In another one of Mark Zuckerberg’s advances toward world dominance, Facebook is currently working on developing drones to “beam internet to people from the sky.” Although this news broke a while back, I’m just learning of more details about it and it continues to intrigue me. In August of 2013, Facebook teamed up with 6 mobile phone companies to launch Internet.org. The purpose of this initiative is to provide affordable Internet connection to people across the globe. In March of this year, they created the Connectivity Lab, which focuses on using drones to provide this Internet access.
The drones are expected to be roughly the size of a 747 but weigh significantly less. Flying at altitudes of about 60,000-90,000 feet, they are intended to cruise above weather to enable longer and smoother flights. Facebook hopes to keep these aircrafts flying for months to even years at a time while sustaining themselves with solar power.
In the video below, Zuckerberg describes the changing nature of the global economy from resource-based to knowledge-based. In the former instance, resources were finite and could not be shared. In a knowledge-based environment, however, there’s no limit to how much knowledge and information can be shared, and Zuckerberg claims Internet is the “back bone” of this new type of economy. Many benefits come to the global community as a whole through this type of project, as sharing knowledge and information can be extremely useful with regards to education and healthcare. However, this is certainly an investment for Facebook and the accompanying mobile phone companies, as they are the ones who will be directly profiting from an expansion in the mobile market.
Facebook will certainly face some issues moving forward with this project, as airplane pilots are already voicing concerns regarding drones interfering in their airspace and causing potential safety concerns. This is an issue that needs to be addressed as unmanned aircrafts become more prevalent. Another roadblock currently holding back Facebook’s plan involves current laws requiring one “pilot” on the ground controlling each drone in the sky. With the quantity of drones Zuckerberg hopes to deploy, staffing an employee for each drone would be very costly. To combat this, Facebook hopes to push for a change in legislation that allows one person to control up to 100 drones at a time.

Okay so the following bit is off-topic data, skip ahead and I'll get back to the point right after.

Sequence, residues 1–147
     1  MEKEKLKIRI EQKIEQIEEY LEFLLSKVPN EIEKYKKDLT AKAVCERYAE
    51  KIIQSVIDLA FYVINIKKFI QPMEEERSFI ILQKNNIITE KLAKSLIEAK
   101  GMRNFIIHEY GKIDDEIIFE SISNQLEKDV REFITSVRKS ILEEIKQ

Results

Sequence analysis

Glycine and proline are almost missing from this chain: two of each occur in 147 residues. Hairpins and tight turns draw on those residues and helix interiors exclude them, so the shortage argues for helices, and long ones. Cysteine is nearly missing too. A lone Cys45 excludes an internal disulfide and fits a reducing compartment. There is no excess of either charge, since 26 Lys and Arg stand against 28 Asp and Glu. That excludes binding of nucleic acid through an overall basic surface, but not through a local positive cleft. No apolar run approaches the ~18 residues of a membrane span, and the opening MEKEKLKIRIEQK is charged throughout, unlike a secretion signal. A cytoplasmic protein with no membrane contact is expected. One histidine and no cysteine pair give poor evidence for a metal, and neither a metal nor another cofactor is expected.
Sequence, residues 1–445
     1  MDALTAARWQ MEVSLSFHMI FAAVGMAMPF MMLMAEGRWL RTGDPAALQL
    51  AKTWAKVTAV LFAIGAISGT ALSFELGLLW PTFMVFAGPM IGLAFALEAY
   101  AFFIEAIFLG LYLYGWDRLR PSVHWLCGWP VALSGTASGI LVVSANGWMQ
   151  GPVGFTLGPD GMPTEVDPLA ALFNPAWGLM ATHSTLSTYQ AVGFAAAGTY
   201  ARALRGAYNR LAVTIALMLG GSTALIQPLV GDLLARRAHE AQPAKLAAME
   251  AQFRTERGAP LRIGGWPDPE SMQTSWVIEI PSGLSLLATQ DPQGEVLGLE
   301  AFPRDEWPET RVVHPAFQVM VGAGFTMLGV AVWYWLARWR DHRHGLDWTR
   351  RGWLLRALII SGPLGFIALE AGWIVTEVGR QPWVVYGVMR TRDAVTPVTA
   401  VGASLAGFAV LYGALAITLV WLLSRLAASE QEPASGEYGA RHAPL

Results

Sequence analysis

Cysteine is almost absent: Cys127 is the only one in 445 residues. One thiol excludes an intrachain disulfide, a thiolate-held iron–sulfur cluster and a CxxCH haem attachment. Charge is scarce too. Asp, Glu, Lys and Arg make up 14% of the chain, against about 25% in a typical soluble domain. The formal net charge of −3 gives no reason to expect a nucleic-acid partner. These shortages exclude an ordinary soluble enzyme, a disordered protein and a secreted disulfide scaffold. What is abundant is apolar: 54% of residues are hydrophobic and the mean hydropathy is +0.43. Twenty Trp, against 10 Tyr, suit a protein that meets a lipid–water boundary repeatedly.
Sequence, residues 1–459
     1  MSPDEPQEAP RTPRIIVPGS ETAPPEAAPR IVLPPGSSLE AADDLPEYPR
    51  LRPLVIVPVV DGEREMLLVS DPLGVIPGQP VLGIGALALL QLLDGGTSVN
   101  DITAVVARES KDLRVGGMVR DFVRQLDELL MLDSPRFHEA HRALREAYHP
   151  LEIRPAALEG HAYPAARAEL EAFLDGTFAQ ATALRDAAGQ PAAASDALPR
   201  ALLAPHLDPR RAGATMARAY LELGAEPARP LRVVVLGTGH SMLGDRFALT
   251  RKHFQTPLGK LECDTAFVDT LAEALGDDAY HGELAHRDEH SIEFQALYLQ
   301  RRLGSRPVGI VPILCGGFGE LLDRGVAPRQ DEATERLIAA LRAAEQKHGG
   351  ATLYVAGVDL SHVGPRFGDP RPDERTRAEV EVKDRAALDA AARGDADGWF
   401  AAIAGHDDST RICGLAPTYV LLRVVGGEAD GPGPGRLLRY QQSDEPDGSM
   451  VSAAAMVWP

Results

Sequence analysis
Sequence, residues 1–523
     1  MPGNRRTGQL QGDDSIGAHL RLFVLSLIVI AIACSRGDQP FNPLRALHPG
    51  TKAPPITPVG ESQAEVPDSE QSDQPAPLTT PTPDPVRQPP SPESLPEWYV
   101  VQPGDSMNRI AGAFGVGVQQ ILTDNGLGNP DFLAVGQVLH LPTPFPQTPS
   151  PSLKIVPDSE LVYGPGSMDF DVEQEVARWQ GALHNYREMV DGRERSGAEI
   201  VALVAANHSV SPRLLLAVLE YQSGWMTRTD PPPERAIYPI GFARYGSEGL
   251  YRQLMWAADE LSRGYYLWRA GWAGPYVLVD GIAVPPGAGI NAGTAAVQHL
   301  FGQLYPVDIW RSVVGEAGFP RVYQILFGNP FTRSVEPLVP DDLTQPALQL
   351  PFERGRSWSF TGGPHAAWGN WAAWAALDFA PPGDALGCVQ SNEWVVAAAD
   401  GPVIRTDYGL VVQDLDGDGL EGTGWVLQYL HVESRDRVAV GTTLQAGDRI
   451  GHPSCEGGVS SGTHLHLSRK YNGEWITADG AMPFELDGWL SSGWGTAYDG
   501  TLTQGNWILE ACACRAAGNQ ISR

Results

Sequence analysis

Another potential setback comes from Facebook’s goals to use solar power to allow these drones to fly for such long durations. In order to achieve this as well as be able to transmit Wi-Fi signals from such a great altitude, many advances are necessary, as we don’t currently have the technology to support this.
WHAT TO EXPECT
Facebook plans to test out the flying ability of these drones by 2015 and hope to have them beaming Internet access by 2019. With all of the regulatory and technological hurdles they need to overcome to get to that point, there’s reason to be skeptical that they will achieve this in that time frame. Be it by drones or by increased infrastructure on the ground, global Internet access certainly seems to be in the not so distant future. As we ISYS6621 grads go our separate ways and find ourselves in all corners of the earth, there will soon be no excuse to not remain active on the #IS6621 twitter feed. And to avoid ending my final blog with a double negative, I shamelessly insert this final sentence.